American exploration and production (E&P) companies raised oil output modestly last week as overall petroleum demand recovered some ground after multiple declines earlier in the fall, the U.S. Energy Information Administration (EIA) said Wednesday.

U.S. oil production last week increased by 100,000 b/d to 12.0 million b/d, EIA said in its latest Weekly Petroleum Status Report.

Output for the week ended Oct. 14 was up by 700,000 b/d from a year earlier, but it was below the 2022 high of 12.2 million b/d and far off the record level of 13.1 million b/d reached in March 2020, just prior to the pandemic’s onset.

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E&Ps have walked a tightrope, trying to meet demand that rebounded from the depths of the pandemic early this year without overshooting in the second half of 2022, when consumption has been uneven and the specter of a recession looms large.

Overall petroleum demand in the United States rose 8% week/week to nearly 20.1 million b/d for the Oct. 14 period, EIA said, essentially offsetting the drop in consumption during the first week of the month. Such has been the case in recent weeks, with choppy demand littering the EIA’s box scores through the fall season.

What’s more, nagging inflationary pressures and rising interest rates threaten to tip the U.S. economy into a recession that could stunt demand next year. Economists polled by Bloomberg said there is a 100% change of a downturn in 2023, citing multiple Federal Reserve rate hikes this year.

Economists polled by the American Bankers Association (ABA) expect the economy to begin contracting in the current quarter, albeit slightly, as borrowing costs spike. Mortgage interest rates this year, for example, have doubled.

“The probability of an economic downturn is higher in 2023 as rate hikes intended to cool inflation also trigger slower growth,” ABA Chief Economist Sayee Srinivasan said, noting Fed officials have cautioned more rate increases lie ahead.

“Consumers continue to benefit from a strong labor market, but inflation and the Fed’s efforts to fight it are clearly weighing on credit market conditions,” Srinivasan added. “Given the Fed’s clear signal that it expects to continue raising rates until inflation is contained, it is not surprising that bank economists’ short-term expectations for credit markets have deteriorated.”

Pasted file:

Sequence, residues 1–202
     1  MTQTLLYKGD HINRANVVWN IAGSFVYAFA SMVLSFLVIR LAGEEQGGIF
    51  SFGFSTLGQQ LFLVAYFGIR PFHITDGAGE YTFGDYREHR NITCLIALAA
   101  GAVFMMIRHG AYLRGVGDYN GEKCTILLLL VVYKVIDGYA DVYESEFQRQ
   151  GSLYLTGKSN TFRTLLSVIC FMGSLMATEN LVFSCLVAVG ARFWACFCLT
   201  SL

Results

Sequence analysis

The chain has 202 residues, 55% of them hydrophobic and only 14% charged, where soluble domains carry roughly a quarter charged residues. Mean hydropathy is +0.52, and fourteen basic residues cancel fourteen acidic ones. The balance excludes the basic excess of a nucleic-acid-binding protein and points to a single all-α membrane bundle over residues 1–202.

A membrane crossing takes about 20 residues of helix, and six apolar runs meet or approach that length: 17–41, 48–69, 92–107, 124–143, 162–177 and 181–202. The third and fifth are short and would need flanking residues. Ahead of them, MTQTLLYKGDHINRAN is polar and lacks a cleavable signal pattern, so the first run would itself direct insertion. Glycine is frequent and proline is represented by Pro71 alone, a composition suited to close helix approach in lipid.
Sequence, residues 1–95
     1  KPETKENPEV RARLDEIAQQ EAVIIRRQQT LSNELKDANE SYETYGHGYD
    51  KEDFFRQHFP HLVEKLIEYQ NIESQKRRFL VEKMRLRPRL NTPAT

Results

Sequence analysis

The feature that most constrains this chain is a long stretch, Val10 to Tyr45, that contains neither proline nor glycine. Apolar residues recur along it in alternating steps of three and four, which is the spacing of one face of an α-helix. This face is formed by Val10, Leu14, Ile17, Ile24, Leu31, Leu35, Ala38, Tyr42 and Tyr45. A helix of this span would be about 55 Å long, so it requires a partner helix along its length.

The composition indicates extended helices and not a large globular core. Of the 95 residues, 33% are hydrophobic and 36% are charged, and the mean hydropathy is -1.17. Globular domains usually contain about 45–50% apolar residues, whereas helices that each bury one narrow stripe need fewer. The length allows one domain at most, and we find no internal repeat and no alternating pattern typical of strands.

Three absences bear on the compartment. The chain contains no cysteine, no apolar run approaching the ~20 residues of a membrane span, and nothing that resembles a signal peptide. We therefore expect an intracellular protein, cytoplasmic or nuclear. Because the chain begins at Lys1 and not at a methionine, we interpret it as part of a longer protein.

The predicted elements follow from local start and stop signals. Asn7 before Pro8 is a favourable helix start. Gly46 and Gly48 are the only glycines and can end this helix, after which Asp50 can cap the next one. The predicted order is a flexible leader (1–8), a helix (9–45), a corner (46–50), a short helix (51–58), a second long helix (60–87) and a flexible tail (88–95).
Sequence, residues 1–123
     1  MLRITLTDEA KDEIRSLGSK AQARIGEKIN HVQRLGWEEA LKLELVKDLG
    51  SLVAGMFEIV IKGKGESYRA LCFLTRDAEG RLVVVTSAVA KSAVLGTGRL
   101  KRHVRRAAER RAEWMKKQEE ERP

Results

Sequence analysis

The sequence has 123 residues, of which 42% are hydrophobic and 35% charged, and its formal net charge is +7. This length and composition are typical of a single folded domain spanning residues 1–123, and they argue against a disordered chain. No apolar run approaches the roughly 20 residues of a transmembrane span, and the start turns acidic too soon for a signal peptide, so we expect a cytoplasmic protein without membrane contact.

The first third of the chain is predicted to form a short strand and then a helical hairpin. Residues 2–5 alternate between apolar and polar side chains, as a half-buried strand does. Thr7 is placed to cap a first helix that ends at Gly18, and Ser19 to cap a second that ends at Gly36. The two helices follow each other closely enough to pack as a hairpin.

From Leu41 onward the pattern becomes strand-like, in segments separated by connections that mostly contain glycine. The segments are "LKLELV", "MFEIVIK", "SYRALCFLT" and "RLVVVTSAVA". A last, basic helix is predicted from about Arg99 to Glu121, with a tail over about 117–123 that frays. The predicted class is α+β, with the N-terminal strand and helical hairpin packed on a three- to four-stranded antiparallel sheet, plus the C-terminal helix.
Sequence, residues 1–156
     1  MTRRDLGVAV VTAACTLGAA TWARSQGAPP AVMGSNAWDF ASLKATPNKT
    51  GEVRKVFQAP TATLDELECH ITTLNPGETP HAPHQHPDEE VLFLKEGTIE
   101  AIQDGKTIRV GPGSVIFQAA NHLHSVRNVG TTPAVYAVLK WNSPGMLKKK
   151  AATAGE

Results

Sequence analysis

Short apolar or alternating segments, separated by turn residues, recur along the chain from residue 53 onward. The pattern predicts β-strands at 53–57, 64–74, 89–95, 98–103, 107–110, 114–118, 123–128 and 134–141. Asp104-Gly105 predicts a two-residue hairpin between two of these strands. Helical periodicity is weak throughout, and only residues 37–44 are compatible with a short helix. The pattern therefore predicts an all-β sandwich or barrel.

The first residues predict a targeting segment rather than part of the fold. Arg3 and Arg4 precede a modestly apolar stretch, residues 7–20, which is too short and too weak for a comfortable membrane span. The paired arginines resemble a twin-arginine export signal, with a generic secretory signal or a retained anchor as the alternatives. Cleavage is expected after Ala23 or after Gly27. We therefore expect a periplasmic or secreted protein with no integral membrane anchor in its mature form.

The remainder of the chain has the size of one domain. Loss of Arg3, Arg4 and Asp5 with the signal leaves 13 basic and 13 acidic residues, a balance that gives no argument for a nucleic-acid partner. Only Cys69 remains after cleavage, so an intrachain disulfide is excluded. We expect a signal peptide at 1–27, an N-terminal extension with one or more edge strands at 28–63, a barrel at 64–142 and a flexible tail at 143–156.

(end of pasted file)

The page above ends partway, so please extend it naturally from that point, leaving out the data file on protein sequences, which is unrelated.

Global Recession?

Globally, OPEC and the International Energy Agency this month both downgraded their demand expectations for this year and next, citing inflation-induced recessionary concerns in the United States and Europe as well as pandemic-related lockdowns in China.

“With unrelenting inflationary pressures and interest rate hikes taking their toll, higher oil prices may prove the tipping point for a global economy already on the brink of recession,” IEA researchers said in the watchdog agency’s monthly oil report

This all adds to America E&P’s caution. 

However, Saudi Arabia-led OPEC and its allies led by Russia, OPEC-plus, further complicated matters this month by announcing plans to cut their production by up to 2 million b/d beginning in November. President Biden’s administration said this shift could throw supply/demand out of balance even if there is a global recession, further spurring price spikes.  

The OPEC-plus move helped to drive up Brent crude prices more than 10% after its announced move earlier this month. International benchmark prices leveled off around $91/bbl Wednesday, roughly where they started October. But further increases are widely expected when the producer group presses ahead with the output cuts next month.

Meanwhile, U.S. commercial crude inventories, excluding those in the Strategic Petroleum Reserve (SPR), decreased last week by 1.7 million bbl from the previous week. Supplies in storage dropped nearly 10 million bbl a week earlier. At 437.4 million bbl, stocks as of Oct. 14 were 2% below the five-year average.

Biden Leans On SPR

The SPR is shrinking, too. The White House on Wednesday said the president would direct the U.S. Department of Energy to sell the final 15 million bbl of the 180 million bbl from the SPR that he had authorized in March amid a rebound in demand and rising prices.

Biden also said Wednesday he is mulling further sales from the roughly 400 million bbl left in the SPR to lower oil costs and, by extension, gasoline expenses for consumers.

The average price of regular gasoline on Wednesday was $3.854/gal, according to AAA, down from the 2022 peak but up 5% from a month earlier and up 15% from the comparable date in 2021.

“Prices should be lower,” Biden said in televised remarks.

Critics, however, called Biden’s strategy a political ploy to curry favor with voters ahead of the mid-term elections in November.

“At a time when American energy can be a stabilizing force at home and abroad, we urge caution in continuing to rely on short-term efforts that are no substitute for sound long-term policies that enable American energy leadership,” American Petroleum Institute President and CEO Mike Sommers said.

“The administration should instead focus on addressing the fundamental economic and security challenges we face by spurring more investment in American energy, infrastructure and markets that enable U.S. consumers to benefit from America’s reliable energy resources.”